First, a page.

Younger men play video games, but so do a diverse group of other Americans
Young men make up a disproportionately large share of people who play video games in the United States. But about four-in-ten women and roughly a quarter of Americans ages 65 and older also say they play video games at least sometimes, according to a Pew Research Center survey conducted in March and April.
As with other types of technology, video games are most popular among young adults. Six-in-ten Americans ages 18 to 29 and 53% of those ages 30 to 49 say they play video games often or sometimes, compared with smaller shares in older age groups. The survey counts video games played on a computer, TV, game console or portable device, such as a mobile phone.
There is a substantial gender gap in the share of young adults who report playing video games. About seven-in-ten men younger than 30 (72%) say they play video games often or sometimes, compared with 49% of women in the same age group. Among those ages 30 to 49, 58% of men and 48% of women play video games. When it comes to older adults, similar shares of men and women say they play (27% of men ages 50 and older, compared with 30% of women). Previous research by Pew Research Center shows similar trends.
Video game use also varies by education, with college graduates (36%) significantly less likely to play than adults with some college experience (50%). About four-in-ten of those who did not attend college (42%) say they play video games.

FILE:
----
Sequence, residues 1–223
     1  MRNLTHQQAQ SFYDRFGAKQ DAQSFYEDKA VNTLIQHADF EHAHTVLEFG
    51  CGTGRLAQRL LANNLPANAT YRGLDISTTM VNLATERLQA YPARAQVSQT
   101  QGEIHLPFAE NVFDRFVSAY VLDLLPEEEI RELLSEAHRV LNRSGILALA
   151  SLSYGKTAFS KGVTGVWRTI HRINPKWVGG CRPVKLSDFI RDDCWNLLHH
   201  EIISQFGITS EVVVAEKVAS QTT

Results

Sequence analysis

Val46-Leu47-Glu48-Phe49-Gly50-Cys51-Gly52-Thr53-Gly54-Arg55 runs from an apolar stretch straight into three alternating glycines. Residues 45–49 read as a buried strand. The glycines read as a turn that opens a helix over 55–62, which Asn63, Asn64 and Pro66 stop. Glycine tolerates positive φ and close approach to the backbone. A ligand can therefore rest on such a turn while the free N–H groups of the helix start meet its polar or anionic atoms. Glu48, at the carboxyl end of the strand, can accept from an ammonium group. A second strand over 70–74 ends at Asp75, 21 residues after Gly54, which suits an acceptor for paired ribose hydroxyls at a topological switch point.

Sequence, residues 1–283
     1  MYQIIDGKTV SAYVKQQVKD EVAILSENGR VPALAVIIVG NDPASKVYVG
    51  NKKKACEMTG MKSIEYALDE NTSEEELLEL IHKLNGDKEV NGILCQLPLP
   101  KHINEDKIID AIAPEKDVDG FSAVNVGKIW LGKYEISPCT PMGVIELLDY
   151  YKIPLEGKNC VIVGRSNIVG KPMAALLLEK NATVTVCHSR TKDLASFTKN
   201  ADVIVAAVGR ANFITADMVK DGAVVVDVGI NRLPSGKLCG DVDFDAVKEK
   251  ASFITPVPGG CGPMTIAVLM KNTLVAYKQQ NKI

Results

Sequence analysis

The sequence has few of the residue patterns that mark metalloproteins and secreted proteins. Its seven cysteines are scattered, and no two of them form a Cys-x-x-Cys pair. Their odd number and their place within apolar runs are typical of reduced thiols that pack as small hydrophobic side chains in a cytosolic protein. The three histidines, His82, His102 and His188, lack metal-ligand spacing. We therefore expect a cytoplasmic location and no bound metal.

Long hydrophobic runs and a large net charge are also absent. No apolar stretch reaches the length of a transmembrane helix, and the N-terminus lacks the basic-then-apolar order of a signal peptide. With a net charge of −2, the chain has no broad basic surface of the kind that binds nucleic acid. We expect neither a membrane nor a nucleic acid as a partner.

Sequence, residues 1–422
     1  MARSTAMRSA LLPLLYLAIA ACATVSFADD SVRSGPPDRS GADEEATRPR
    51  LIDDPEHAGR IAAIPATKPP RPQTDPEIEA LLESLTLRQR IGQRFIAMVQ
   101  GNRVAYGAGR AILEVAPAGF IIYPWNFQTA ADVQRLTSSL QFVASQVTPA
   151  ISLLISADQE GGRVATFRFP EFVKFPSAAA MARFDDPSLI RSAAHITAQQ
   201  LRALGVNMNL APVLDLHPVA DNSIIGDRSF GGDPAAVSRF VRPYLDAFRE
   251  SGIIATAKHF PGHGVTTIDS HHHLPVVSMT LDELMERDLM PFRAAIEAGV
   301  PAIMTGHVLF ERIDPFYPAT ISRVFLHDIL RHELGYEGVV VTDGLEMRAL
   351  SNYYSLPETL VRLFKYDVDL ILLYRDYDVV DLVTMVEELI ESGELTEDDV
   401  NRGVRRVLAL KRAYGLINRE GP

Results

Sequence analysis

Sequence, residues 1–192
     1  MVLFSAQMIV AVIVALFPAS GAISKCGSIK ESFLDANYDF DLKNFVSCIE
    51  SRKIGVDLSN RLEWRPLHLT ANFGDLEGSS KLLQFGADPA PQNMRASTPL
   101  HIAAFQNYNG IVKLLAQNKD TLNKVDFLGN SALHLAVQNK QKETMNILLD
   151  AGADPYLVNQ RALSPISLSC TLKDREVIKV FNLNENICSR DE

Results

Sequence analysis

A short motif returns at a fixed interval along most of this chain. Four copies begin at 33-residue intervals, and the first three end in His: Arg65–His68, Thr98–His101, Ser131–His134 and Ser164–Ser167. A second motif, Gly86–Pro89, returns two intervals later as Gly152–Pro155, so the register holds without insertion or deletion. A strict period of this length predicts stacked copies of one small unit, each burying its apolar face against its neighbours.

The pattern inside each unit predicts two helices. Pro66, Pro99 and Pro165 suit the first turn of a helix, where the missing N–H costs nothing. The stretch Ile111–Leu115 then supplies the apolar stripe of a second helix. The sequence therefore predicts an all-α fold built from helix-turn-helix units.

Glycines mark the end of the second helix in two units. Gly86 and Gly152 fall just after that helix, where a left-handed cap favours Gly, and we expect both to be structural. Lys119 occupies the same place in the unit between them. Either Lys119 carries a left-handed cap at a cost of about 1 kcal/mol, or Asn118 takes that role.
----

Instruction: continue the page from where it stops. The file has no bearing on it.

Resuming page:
In spite of other recent research that suggests that playing video games is associated with a decline in work hours among younger men, the Center’s March-April survey finds that adults who work full- or part-time are about as likely as those who are unemployed and looking for work to say they play (47% vs. 43%).
As for types of games that Americans like to play, strategy and puzzle games are the most popular among those included in the survey. About six-in-ten adults who say they play video games often or sometimes report that they typically play these types of games (62% each). Adventure, shooter, role-playing, team sport or racing and simulation games are all somewhat less commonly played, with about half of video game players or fewer saying they typically play these types of games.
Unlike other types of games, puzzle games are more popular with women than with men: 72% of video-game-playing women say they play these, compared with 52% of video-game-playing men.
Puzzle games are distinct in other ways. For example, they are the only type of video game asked about in the survey that is more popular with those ages 65 and older than with those younger than 30, and they are more likely to be played by those with at least a bachelor’s degree than by those with less education.
While strategy games are favored by those with at least some college education, most other types of games are more popular among adults with lower levels of education. For example, 46% of video game players with some college education and 44% of those with a high school diploma or less say they typically play shooter games, compared with 32% of college graduates. There is no significant difference by education level for simulation games.
Anna Brown is a research analyst focusing on social and demographic trends at Pew Research Center.